You know, he wouldn't have remembered me as soon as he walked out of the shop, but we suddenly gained reinforcing that sense that you could belong to the arts in that way if you worked hard. The openings were there, people were generous and there was a real visual arts culture to aspire to, which was fantastic.

Paul: Between 1960 and 1963, you studied at the South Australian School of Art, and I think I'm right in saying these were the glory days of the South Australian School of Art. And I think I'm right in saying, these were the glory days of the South Australian School of Art. Amazing people like Charles Reddington, Udo Sellbach, Karen Shapers. Tell me a little bit about those.

Alun: Paul Biegel was the dean of the college.

Paul: Paul Biegel?

Alun: Paul Beagle, the sculptor. Very open minded, and he was the one who employed those you've just mentioned. So I studied along with a bunch of people like myself, you know, Syd Ball, Jennifer Marshall, Bob Boynes...all coming from varied backgrounds.

We all met at the art school and became a sort of, not a clique so much, but we all knew one another and we'd all been taught by the same individuals.

And it was a fantastic period, really fantastic period. People like Udo...Udo Sellbach and Jeff Brown, who was teaching printmaking, who'd learned printmaking in London. They drove this group to form the first graphic art society I think in Australia. Certainly in Adelaide.

We used to meet regularly every month, plan exhibitions, and Udo Sellbach, who printed for Picasso in Germany before he came out here, he was the mentor who guided us all and told us what was what about being professional.

How to organize a show, what to do with your work, how to present it, all that sort of stuff. Reddington, Karen Shapers, Franz Kempf, all provided that sort of truly professional training in attitude, if not in technique, as to what it constitutes to be a visual artist.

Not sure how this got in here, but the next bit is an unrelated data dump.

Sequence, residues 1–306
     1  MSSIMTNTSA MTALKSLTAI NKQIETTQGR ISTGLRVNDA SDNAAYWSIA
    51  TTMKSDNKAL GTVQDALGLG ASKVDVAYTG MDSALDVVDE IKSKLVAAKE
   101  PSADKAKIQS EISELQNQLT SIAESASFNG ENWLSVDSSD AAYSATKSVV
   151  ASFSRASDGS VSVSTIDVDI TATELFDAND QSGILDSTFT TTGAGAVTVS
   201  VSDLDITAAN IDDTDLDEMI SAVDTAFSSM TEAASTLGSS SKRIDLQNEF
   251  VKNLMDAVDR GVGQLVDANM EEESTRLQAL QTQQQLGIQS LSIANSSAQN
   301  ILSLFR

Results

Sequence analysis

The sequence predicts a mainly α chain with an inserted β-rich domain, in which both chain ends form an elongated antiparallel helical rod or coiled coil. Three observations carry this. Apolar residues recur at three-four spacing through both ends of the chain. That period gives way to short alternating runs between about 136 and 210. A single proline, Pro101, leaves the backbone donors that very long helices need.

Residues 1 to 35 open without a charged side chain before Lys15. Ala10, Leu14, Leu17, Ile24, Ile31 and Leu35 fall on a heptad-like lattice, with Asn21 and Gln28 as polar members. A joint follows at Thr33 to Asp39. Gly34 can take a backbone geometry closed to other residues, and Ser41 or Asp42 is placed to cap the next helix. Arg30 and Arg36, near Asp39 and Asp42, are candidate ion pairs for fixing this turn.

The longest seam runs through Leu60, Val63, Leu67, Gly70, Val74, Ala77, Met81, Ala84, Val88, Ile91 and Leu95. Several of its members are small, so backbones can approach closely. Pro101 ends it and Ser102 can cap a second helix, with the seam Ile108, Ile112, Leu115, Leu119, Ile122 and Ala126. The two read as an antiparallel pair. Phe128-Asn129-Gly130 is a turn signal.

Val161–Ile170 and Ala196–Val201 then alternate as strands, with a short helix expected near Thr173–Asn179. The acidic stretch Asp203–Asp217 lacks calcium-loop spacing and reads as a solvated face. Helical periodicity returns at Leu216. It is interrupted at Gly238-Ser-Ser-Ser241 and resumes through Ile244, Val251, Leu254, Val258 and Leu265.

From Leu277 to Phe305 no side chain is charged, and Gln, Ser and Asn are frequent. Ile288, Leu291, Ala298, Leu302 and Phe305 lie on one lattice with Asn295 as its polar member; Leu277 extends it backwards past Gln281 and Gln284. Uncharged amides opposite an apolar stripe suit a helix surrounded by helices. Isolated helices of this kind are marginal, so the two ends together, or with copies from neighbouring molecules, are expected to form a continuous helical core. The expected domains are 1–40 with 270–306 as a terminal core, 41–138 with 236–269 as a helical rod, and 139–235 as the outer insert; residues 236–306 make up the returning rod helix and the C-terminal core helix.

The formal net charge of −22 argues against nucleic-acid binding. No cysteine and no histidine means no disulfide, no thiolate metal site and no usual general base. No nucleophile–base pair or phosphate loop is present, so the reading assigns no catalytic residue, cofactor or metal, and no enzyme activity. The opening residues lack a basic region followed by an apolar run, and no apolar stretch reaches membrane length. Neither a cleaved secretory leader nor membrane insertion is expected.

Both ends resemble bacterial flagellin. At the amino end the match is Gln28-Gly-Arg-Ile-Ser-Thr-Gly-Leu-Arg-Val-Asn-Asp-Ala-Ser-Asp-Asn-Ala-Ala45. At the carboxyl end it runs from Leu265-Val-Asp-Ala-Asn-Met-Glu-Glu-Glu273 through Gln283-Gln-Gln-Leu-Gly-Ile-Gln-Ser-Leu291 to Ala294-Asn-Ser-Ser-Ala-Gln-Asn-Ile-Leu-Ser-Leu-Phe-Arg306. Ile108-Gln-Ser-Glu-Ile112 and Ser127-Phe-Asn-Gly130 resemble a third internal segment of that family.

I don't think it could get better. It was wonderful. And Reddington of course, he came from America and brought in that sense of, if you're going to go in, you're going to go the abstract expressionist route. He was the spokesman for that sort of thing.

On the other hand you had...Udo Sellbach saying, yes but if you're going to make great portfolios based on Ovid's Metamorphosis, you've got to look at Picasso and learn how to make etchings. Between those sort of things it's quite extraordinary in how it stimulated you.

Paul: That cluster of people led by Sellbach, who I think was head of the you said, brought to your attention issues like vocation, the discipline of the practice. The other thing though, because printmaking has been so important to you, does that date from this time? Because printmaking was so strong under Sellbach and Shapers.

Alun: Yes, absolutely it dates from that time. Absolutely. I can remember the lessons. I remember Udo, we had to do a lithograph, we all had to draw a Coke bottle. I've never forgotten this. I meticulously worked on this stone with this Coke bottle. It had to be fantastic.

And he said that's terrific, he said, "You've produced a really wonderful, banal, useless image." He said, "Now where's the imagination coming into change the Coke bottle" you see. That sort of tuition in relation to a craft was quite extraordinary. It taught you to make risks aesthetically and think beyond the look of the object.

At the same time he was teaching you a craft that went back centuries. Absolutely fantastic. Now I don't know what is...that's a really good foundation, and I think we all experienced it all in our different ways.

Paul: You returned to London in 1964. Why?

Alun: Well, culture in Australia in 1964 was not exactly top of everybody's agenda. Certainly the absence of regular exposure to...I hesitate to use the word, but great works of art. We both felt, Nola and I just thought we would be good to back and live in Europe, so we could go to Paris and the great museums. Go to Venice and all of that sort of thing, which we couldn't do here.

So we decided, not permanently, but we decided to go for two or three years. We stayed for four or five. Of course, going to London, Nola had decided to study further, and so she went to the Chelsea School of Arts. I just did rough jobs. I met a lot of young British artists.